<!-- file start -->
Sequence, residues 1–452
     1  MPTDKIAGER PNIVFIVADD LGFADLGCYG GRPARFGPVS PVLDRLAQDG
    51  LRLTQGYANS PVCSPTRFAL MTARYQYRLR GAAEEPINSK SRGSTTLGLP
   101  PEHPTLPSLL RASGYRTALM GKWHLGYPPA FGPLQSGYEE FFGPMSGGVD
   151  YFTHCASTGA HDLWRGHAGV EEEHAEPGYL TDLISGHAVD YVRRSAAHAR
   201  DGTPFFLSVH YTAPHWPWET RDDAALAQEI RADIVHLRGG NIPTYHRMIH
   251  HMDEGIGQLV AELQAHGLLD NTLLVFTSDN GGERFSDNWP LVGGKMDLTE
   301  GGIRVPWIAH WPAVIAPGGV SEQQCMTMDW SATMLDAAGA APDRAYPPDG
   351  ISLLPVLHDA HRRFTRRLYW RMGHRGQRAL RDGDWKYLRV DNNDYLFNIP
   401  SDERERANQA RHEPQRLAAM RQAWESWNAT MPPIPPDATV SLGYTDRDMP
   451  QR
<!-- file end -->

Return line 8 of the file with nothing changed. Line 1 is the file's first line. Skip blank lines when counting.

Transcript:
   301  GGIRVPWIAH WPAVIAPGGV SEQQCMTMDW SATMLDAAGA APDRAYPPDG